How does alcohol affect serotonin, dopamine and GABA?
Alcohol has a significant impact on numerous bodily functions. Among other things, under the influence of alcohol there are disturbances in the transmission of signals between nerve cells, for which the so-called neurotransmitters such as dopamine, serotonin or GABA are responsible. Alcohol causes these messenger substances to no longer be able to transmit information correctly or quickly enough, which changes our behavior and sensations.
Influence of alcohol on the neurotransmitters
As different as the tasks and effects of the individual neurotransmitters are, so is the effect of alcohol on them:
GABA and alcohol
GABA is a so-called inhibitory neurotransmitter. This means that it inhibits the activity of nerve cells and thus has a calming and relaxing effect. Alcohol promotes the formation of GABA and can itself also dock onto the GABA receptors. This is the reason why one feels more relaxed and calm under the influence of alcohol. In other words, alcohol enhances the GABA effect, which can extend to sedation, depending on the amount of alcohol. However, the binding of alcohol to GABA receptors has another effect: there are no longer enough free receptors for the neurotransmitter GABA, which leads to an imbalance between in brain metabolism and promotes, among other things, withdrawal symptoms when alcohol consumption is interrupted.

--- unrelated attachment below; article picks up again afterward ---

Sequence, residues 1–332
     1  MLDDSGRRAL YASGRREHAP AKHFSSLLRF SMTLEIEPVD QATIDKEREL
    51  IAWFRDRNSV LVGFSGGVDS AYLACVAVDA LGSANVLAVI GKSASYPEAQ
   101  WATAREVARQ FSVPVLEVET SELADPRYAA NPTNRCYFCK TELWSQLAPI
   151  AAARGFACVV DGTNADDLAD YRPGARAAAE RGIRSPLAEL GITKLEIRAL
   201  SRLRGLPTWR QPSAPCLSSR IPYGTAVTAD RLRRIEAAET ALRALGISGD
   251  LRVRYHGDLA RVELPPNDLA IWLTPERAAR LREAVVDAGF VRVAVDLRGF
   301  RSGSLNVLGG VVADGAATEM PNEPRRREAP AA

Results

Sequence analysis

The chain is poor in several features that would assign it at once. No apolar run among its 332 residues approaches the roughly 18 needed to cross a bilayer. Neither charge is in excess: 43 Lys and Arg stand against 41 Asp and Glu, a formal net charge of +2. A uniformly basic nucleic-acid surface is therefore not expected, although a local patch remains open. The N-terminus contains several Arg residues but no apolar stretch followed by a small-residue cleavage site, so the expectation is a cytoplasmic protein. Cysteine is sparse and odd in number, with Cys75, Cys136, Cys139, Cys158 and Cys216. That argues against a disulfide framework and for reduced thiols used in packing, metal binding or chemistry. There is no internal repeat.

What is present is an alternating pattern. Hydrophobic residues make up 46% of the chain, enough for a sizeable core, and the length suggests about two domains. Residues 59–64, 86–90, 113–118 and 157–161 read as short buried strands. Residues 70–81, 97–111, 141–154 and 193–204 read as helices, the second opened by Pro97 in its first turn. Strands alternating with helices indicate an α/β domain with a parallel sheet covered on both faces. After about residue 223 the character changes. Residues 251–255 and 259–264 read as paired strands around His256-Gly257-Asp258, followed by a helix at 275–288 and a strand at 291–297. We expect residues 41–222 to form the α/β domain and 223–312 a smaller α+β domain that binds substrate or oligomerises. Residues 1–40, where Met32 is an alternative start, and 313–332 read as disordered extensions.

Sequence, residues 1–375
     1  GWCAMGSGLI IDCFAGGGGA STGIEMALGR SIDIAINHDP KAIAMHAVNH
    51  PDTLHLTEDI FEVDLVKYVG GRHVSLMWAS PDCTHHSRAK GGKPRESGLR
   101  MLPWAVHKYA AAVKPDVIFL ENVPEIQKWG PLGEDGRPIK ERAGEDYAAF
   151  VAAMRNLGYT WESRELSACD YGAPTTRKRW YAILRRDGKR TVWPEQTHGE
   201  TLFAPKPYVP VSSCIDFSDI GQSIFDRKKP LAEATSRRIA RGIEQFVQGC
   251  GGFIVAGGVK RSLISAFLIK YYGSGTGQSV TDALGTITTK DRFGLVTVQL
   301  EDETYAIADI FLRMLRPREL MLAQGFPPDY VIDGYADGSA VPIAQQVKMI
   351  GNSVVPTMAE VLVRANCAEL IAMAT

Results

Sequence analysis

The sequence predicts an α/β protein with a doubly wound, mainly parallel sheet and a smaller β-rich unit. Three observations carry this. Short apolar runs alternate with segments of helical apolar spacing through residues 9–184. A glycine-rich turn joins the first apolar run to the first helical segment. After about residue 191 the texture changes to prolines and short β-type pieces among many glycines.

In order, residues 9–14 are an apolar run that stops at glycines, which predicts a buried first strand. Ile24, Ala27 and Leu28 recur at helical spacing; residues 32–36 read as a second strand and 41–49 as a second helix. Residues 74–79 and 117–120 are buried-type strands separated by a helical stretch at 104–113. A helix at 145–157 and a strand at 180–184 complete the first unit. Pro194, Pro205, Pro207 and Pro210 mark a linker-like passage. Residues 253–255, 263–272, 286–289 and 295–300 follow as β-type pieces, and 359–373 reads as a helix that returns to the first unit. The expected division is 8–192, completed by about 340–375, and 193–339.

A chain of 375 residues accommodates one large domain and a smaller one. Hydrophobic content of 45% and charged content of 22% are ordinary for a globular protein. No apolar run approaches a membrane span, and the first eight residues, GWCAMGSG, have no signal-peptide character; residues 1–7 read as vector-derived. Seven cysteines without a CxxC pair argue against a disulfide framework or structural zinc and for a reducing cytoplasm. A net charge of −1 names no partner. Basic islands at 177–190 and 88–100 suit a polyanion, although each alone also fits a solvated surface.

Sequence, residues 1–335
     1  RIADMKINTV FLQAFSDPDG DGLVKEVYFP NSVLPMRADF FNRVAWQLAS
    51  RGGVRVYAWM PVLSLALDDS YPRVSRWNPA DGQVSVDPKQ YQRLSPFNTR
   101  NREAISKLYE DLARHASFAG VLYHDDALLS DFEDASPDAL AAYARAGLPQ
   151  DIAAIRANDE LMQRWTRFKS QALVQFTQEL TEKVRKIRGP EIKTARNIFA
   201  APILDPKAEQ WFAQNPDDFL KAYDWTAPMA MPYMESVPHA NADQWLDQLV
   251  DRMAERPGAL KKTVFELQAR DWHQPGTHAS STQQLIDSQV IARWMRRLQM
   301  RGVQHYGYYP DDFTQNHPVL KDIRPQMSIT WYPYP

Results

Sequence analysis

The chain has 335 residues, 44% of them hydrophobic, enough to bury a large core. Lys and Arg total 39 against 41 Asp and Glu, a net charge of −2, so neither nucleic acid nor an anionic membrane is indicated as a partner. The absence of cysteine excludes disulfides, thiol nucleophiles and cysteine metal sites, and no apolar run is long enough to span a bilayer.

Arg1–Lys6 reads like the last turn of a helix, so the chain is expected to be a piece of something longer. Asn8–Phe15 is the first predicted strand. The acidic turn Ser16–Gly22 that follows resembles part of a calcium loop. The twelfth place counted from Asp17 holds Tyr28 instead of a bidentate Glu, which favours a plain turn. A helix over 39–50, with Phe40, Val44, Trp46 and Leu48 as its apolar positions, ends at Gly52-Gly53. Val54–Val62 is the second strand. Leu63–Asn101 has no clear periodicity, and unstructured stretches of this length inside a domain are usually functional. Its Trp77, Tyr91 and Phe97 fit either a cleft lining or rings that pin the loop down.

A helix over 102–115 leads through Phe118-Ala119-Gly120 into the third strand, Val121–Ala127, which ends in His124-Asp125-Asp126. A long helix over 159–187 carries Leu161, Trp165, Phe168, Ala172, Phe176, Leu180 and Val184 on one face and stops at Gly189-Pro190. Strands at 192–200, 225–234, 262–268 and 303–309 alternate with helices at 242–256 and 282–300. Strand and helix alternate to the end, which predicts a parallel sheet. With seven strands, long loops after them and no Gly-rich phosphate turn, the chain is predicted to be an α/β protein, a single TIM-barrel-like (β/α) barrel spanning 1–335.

Serotonin and alcohol
Alcohol leads to an increased release of serotonin, which is not called the happiness hormone without reason: It produces a pleasant feeling of well-being, has a stress-reducing, anxiety-relieving, calming effect. It is precisely this effect caused by alcohol consumption that paves the way to addiction, because this effect can only be maintained with constantly repeated consumption (in ever greater quantities). However, since chronic alcohol consumption leads to lower serotonin levels, a vicious circle of addiction is created in this way.
Dopamine and alcohol
The second messenger substance known as the happiness hormone, dopamine, is also increasingly released by alcohol. Studies show that this connection is sometimes so close that even stimuli associated with alcohol can cause this increased dopamine release.As a result, increased cravings for alcohol and decreased control over alcohol consumption often occur. This is because dopamine is part of the reward system in the brain. The release of the neurotransmitter is associated with many positive experiences such as the enjoyment of certain foods, sex, or even drugs such as alcohol, and acts as a reward. Therefore, it seems very desirable for the affected person and evokes the typical craving for alcohol, which unfortunately often ends in relapse .
Conclusion on alcohol and dopamine, serotonin and GABA
Alcohol enhances the relaxing and calming effect of the neurotransmitter GABA and stimulates the release of the "happiness hormones" serotonin and dopamine. This ensures that alcohol consumption is often perceived as very positive and brings with it a great potential for dependence.